Last month our CEO and Founder, Ania Rodriguez, joined the South Florida Interactive Marketing Association to discuss “Optimizing User Experience for Conversion”. She joined other panelists from Ion Interactive and HiConversion. Top takeaways from the event:
– You can find 80% of the issues with only 5 users
– Eye tracking can detect if call-to-action size and color make a difference in your conversion results
– Strong colors attract the eye, but if there is too much competing for the eye’s attention the people can get overloaded
– Do not put a search bar under the mega menu button or it will get lost and decrease your conversion rate
– Test and embrace user experience design to continually improve, solve and remain relevant in your space
– One great tool for quick usability test: KlueMobile
by Kelley Parsons
Often when we think of the user-centered design process and the methods used to optimize a user’s experience, we think in terms of its utility to aid in maximizing design improvements for a device’s interface, or perhaps, its physical properties. However, there are opportunities beyond this common application. If we consider that a user’s experience can be influenced by interactions that occur within a broader system or service. We can also further note that the definition of an interface is the point at which two systems meet, we can then explore the possibilities of utilizing a user-centered design approach (and any number of methodologies) to assess the impact of the environment on user perceptions or experiences as they occur within that environment. To date, the results of many large studies have shown a strong relationship between the physical environment and the perceptions of its occupants. For example, when a doctor’s office waiting room was considered to be newer in appearance, had nice furnishings, artwork etc., patient’s perceived quality of care was positively influenced while their reported anxiety decreased.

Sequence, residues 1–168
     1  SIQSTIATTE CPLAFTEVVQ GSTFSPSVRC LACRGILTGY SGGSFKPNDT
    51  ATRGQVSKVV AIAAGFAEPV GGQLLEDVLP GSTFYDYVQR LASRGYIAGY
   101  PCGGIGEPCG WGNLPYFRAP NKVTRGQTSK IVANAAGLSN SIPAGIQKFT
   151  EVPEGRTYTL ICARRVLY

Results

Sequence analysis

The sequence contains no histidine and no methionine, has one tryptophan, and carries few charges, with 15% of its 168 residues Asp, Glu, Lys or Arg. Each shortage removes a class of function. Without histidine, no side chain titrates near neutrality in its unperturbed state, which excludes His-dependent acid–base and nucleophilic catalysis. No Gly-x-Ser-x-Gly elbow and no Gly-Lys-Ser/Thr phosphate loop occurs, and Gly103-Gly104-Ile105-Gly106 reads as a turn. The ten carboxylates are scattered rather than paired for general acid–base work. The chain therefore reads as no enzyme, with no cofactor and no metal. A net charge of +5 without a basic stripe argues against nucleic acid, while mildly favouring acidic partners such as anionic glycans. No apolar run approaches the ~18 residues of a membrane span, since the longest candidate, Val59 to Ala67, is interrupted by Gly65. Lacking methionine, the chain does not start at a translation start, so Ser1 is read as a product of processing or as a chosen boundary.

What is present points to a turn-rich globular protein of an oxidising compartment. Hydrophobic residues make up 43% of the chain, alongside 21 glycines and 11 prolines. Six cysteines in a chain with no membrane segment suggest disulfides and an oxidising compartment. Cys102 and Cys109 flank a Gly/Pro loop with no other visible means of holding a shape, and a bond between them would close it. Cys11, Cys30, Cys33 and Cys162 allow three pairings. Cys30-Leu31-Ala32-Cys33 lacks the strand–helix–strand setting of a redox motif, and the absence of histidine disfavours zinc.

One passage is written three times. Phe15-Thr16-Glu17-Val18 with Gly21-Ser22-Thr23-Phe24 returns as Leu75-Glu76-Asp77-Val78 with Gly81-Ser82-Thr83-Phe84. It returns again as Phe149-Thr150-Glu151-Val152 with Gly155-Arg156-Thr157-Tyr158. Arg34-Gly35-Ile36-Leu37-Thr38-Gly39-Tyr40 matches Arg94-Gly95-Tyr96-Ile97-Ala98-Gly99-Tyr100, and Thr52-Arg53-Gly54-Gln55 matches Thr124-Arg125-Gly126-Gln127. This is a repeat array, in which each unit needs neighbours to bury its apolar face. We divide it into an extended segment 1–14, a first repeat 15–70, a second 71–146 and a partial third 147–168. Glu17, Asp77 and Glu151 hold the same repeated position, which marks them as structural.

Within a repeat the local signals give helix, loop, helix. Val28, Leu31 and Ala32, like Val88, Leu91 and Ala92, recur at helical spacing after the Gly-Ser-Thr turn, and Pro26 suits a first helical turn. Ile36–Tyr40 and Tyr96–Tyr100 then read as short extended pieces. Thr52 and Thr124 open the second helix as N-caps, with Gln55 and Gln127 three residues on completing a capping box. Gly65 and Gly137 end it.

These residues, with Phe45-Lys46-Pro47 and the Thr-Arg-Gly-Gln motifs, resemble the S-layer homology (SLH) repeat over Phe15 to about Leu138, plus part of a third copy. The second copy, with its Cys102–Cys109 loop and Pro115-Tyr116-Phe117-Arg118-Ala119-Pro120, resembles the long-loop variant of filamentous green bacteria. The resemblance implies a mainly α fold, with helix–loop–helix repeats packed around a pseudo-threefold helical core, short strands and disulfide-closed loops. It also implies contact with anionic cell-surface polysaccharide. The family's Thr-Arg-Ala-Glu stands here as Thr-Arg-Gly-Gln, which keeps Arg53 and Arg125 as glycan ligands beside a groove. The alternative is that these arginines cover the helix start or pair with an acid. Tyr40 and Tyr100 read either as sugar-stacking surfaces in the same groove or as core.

When considering the applications of user-centered design and the impact of user experience, we think beyond its being a way to gauge user perceptions of a device interface and consider it as a possible means of assessing user perceptions of the space or ‘interface’ within which people are providing a particular service.
Food For Thought
Just as a poorly designed product interface can result in negative perceptions of the product as a whole, a poorly designed environment can result in negative perceptions of quality of service as a whole.